Apple was not the only one to leap on a chance to buy its stock at a fat discount last quarter as Warren Buffett stepped in to scoop up an additional 75 million shares for Berkshire Hathaway at the same time.
Between them - the two biggest players in the iPhone maker's shares - they bought nearly one of every 10 Apple shares traded during the quarter, according to Thomson Reuters calculations.
But the discount window did not stay open long, with Apple's stock back at a record high above US$183 on Friday after trading in the mid-$150s for part of the first quarter.
The recovery in the share prices makes it less opportune for Apple's corporate treasury to execute purchases as it proceeds with an additional US$100 billion of buybacks in an effort to further winnow down its mountain of cash.
Apple bought more than US$23 billion of its own shares in the first three months of the year at an average price of US$171.48, the company said this week.
A Buffett representative on Friday confirmed Berkshire Hathaway increased its stake in Apple by 75 million shares, for which the company looks to have paid between US$12 billion and US$13 billion, based on the stock's trading range during the period.
Funds from the repatriation of Apple's US$252 billion overseas cash hoard arrived at an convenient time for traders working on behalf of Apple.
The Cupertino, California, company's massive share purchase in the March quarter coincided with a 10 per cent slump in the S&P 500 between 26 January and 8 February.
That drop raised fears across Wall Street that a nine-year bull market was ending and made it easier for big players amassing shares in a company to find willing sellers.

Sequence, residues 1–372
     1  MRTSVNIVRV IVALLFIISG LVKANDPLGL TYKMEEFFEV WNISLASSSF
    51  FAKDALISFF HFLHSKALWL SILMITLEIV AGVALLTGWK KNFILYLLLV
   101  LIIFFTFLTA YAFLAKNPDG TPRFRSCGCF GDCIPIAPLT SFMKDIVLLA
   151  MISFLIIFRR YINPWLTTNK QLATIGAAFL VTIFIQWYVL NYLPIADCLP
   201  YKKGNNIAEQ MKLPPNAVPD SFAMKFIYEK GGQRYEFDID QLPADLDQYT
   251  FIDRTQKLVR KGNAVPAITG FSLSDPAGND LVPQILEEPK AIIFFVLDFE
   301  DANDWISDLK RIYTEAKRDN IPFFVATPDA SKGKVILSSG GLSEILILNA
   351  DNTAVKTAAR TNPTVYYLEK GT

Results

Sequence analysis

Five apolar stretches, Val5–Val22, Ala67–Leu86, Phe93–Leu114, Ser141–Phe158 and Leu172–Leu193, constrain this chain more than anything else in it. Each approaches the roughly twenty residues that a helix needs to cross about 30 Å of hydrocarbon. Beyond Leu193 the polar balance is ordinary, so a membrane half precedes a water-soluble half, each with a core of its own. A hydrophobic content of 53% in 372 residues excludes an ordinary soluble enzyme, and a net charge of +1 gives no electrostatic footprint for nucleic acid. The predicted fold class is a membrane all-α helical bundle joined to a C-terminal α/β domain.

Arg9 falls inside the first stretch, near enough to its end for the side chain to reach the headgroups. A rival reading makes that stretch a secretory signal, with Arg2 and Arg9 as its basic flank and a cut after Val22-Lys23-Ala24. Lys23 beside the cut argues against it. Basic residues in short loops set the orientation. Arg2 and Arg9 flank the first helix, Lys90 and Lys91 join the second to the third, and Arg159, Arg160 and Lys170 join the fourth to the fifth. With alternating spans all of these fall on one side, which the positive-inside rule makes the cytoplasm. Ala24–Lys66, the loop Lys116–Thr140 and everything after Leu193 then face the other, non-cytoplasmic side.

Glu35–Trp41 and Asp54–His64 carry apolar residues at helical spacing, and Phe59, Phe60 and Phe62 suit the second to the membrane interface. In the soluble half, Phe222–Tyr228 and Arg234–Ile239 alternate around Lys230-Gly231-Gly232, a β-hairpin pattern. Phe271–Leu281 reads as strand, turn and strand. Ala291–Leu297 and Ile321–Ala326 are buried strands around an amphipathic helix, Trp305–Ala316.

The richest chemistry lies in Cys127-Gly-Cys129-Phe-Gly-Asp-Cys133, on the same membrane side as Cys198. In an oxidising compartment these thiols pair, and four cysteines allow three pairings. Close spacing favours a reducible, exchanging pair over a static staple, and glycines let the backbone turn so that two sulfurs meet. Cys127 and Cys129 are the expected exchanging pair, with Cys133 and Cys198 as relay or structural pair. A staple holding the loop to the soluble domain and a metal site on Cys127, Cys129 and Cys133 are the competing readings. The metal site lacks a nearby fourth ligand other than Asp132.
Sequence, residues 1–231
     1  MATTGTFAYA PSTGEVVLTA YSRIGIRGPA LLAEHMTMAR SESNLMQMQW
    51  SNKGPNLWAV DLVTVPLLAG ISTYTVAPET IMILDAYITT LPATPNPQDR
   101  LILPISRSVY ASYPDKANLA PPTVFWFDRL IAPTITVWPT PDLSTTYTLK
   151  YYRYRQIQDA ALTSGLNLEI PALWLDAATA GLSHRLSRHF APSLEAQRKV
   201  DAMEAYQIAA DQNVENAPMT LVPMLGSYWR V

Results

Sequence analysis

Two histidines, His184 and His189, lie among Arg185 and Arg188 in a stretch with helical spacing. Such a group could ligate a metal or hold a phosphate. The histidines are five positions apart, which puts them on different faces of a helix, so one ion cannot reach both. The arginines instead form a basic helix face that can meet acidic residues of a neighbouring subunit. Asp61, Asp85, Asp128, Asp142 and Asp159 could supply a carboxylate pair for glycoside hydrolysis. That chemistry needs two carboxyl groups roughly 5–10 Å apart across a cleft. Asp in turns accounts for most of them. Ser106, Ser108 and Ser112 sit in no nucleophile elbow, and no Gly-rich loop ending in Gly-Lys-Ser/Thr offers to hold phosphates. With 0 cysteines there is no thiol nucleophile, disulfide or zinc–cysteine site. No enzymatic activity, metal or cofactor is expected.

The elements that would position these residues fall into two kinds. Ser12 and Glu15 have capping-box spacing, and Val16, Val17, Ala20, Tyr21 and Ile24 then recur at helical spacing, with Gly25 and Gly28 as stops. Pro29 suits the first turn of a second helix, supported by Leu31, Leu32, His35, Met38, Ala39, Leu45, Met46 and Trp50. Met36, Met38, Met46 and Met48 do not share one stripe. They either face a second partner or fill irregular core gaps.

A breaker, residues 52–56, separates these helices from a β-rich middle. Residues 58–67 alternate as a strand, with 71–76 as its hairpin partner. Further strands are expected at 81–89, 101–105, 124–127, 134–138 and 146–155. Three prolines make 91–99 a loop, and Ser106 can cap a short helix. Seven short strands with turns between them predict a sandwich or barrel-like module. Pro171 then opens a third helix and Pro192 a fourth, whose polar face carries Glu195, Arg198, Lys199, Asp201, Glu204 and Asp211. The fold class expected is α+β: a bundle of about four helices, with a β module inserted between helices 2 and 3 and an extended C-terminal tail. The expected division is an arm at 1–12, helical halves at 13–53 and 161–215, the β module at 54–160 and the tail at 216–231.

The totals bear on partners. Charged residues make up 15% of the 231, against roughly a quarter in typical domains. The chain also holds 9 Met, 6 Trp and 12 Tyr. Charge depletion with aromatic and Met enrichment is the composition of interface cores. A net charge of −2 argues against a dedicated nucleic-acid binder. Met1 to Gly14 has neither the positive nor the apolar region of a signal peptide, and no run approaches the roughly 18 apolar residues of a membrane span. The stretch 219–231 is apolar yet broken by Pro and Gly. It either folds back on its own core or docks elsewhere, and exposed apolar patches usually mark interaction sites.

Apple shares fell even more than the broader market, tumbling over 13 per cent from their record high close. But while the S&P 500 has remained in correction territory, Apple shares quickly recovered, and it seems the company and Berkshire were there to help.
Buffett, a billionaire bargain hunter, increased his company's stake to 240.3 million shares worth US$42.5 billion during first quarter.
At its low in February, the stock was available for as little as US$150, an 18 per cent discount to its current price.
On more than a third of the trading days during the March quarter, Apple's stock traded below its volume weighted average price, or VWAP, for the prior 60 days.
On 8 February, when it closed at US$155.15, the low for the quarter, it was at a nearly 10 per cent discount from its 60-day average VWAP. The stock had not been available at such a large discount to its prevailing average since May 2016, which happens to be when Buffett bought his first-ever shares of Apple.
At its close of US$183.83 on Friday, however, Apple now stands at a premium of nearly seven per cent to its 60-day VWAP of US$172.11.
Prior to last quarter, Apple's largest-ever quarterly repurchase occurred in early 2014, a year after it initiated its first US$210 billion buyback program.
The stock traded at a discount to its 60-day VWAP through much of the quarter, and Apple spent $18 billion to buy up its own shares, according to filings.
(Reporting by Noel Randewich; Editing by Dan Burns and Cynthia Osterman)
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